Reducing aggressive intergroup action tendencies: Effects of intergroup contact via perceived intergroup threat

Hewstone Miles, Beate Küpper, Katharina Schmid, Tausch Nicole, Andreas Zick

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Resum

Two studies tested the prediction that more positive intergroup contact would be associated with reduced aggressive intergroup action tendencies, an effect predicted to occur indirectly via reduced intergroup threat perceptions, and over and above well-established effects of contact on intergroup attitudes. Study 1, using data based on a cross-section of the general population of eight European countries (France, Germany, Hungary, Italy, the Netherlands, Poland, Portugal, and the UK; N¿=¿7,042), examined this hypothesis in the context of aggressive action tendencies towards immigrants. Study 2, using longitudinal data obtained from a general population sample in Northern Ireland, considered effects on aggressive action tendencies between ethno-religious groups in conflict. Both studies confirmed our predictions, showing that while perceived threat was associated with greater intergroup aggressive tendencies, positive intergroup contact was indirectly associated with reduced aggressive action tendencies, via reduced intergroup threat. Findings are discussed in terms of the theoretical contributions of this research for understanding the relationship between intergroup contact and intergroup aggression.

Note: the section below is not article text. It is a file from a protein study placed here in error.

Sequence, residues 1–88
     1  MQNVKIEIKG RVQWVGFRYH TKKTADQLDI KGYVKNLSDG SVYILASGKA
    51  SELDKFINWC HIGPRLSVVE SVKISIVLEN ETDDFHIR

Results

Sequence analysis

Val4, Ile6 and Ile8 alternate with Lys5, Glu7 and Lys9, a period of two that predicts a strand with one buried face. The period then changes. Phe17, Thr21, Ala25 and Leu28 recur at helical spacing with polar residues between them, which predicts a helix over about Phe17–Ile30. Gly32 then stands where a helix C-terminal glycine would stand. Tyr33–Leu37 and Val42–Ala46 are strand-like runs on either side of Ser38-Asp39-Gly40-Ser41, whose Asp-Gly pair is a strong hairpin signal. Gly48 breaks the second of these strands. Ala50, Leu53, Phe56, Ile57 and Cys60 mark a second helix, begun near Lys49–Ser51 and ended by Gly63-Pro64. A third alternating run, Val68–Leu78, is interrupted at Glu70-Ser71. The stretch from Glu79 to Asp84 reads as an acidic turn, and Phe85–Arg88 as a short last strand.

Idioma originalAnglès
Pàgines (de-a)250-262
RevistaAggressive Behavior
Volum40
DOIs
Estat de la publicacióPublicada - 1 de maig 2014

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